At the moment, a UN mediator, Lakhdar Brahimi, has proposed a way forward: Instead of using the U.S.-appointed Iraqi Governing Council as the basis for any transitional Iraqi authority, Brahimi has suggested instead that he appoint a caretaker government of technocrats to run things until elections are held. Desperate for some way out of the quagmire, Brahimi’s plan (yet without details) has been endorsed by Bush and Blair (and given grudging support from Rumsfeld). While the U.S. no doubt still has its preferred lackeys on the IGC, it has become obvious even to the White House that these individuals are so without popular backing that to continue insisting on them will lead to disaster. (Survey data from Iraq are extremely dubious, but a recent poll asked which political figure do you “not trust at all.” Pentagon favorite and IGC member Ahmed Chalabi led all contenders with 10.3%, compared to 3.1% for Saddam Hussein.{7})


It remains to be seen what the details of Brahimi’s plan will be — there are key Iraqis, including Shia leader Ali al-Sistani, to whom he’s not yet spoken — and it is unclear what sort of resolution the Security Council will be willing to approve. Moreover,


“…at this point, diplomats expect the resolution to be largely a formality. For it to pull in additional international help, the U.S. must make a serious effort to give the U.N. a clear and autonomous role, and to ensure that a multinational force is seen as a stabilizer, not an occupying presence.


“Gunter Pleuger, German ambassador to the U.N., said his country had no plans to increase its participation in Iraq soon, with or without a new resolution. Algerian Ambassador Abdallah Baali said many countries would wait to see how the transition fared before committing to help.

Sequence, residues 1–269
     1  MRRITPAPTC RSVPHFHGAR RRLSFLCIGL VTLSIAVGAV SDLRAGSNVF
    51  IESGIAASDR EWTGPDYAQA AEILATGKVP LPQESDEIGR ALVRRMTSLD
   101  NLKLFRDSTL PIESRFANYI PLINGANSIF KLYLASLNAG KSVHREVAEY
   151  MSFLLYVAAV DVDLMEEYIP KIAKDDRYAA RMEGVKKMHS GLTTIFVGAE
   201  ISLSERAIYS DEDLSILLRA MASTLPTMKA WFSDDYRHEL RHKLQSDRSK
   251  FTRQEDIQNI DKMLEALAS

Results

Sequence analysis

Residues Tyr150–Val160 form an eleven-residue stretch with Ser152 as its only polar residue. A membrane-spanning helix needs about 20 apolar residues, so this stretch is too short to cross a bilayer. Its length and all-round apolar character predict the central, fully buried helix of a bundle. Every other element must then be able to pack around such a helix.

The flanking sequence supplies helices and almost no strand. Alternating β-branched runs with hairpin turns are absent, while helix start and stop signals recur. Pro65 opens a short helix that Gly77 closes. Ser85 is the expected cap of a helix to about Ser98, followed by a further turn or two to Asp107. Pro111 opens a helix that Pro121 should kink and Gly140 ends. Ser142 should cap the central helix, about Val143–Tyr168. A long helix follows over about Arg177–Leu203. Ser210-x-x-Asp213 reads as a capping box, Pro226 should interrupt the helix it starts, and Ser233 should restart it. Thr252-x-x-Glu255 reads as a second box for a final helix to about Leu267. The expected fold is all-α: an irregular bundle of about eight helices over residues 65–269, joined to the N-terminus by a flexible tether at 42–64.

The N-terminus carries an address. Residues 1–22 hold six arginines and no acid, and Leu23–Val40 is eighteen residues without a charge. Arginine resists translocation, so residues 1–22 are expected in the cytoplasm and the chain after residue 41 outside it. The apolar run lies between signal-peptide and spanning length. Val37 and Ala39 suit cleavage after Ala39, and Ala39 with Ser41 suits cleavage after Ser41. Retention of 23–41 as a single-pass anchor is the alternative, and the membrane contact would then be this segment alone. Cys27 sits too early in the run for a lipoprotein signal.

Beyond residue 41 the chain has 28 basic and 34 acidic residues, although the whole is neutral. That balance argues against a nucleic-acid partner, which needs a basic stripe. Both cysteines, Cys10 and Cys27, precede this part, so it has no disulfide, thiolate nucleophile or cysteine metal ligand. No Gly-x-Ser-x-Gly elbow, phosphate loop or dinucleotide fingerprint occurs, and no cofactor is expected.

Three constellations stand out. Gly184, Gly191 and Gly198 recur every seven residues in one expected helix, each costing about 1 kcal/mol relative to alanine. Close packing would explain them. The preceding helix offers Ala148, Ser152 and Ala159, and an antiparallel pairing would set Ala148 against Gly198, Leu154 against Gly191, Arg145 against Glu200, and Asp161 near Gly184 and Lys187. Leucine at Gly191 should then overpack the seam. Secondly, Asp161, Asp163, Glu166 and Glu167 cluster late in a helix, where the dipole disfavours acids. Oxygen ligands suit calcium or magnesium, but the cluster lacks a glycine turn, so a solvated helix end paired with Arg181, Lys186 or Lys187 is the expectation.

“Even a U.S. proposal aimed at attracting contributions of troops to protect U.N. aid workers is not gaining traction.


“‘I don’t think this is the time to get involved,’ Pakistan‘s ambassador, Munir Akram, said of that proposal.”{8}


So far, there are good reasons to be suspicious of Brahimi’s plan: the U.S. urged the UN Secretary General to send Brahimi to Iraq{9} and Brahimi has been consulting with U.S. officials.{10} On the other hand, the UN secretariat reflects the views not just of Washington, but of other influential states (many of which opposed the war), and the UN has already paid a heavy price — a bombing that killed 21 of its staff — for too quickly following the U.S. into Baghdad. (Said Kofi Annan on April 14, “For the foreseeable future, insecurity is going to be a major constraint for us. So I cannot say I’m going to be sending in a large U.N. team.”{11}) And Brahimi has publicly criticized the United States, saying of its attack on Fallujah:


“The collective punishments are not acceptable, cannot be acceptable, and to cordon off and besiege a city is not acceptable…. There is no military solution to the problems and … the use of force, especially of excessive use of force, makes matters worse.”{12}


So how can we assess any UN plan that finally emerges? We need to ask of any plan:


1.                  Are there to be some hundred thousand U.S. troops stationed in Iraq?

2.                  Will these troops be under the control of the White House?

3.                  Will the status of these troops be worked out with representatives of the Iraqi people or — as is currently the case — unilaterally by the United States, using the claim that Security Council resolutions authorize their presence?

4.                  Will Iraqi security forces remain under the control of a U.S. commander?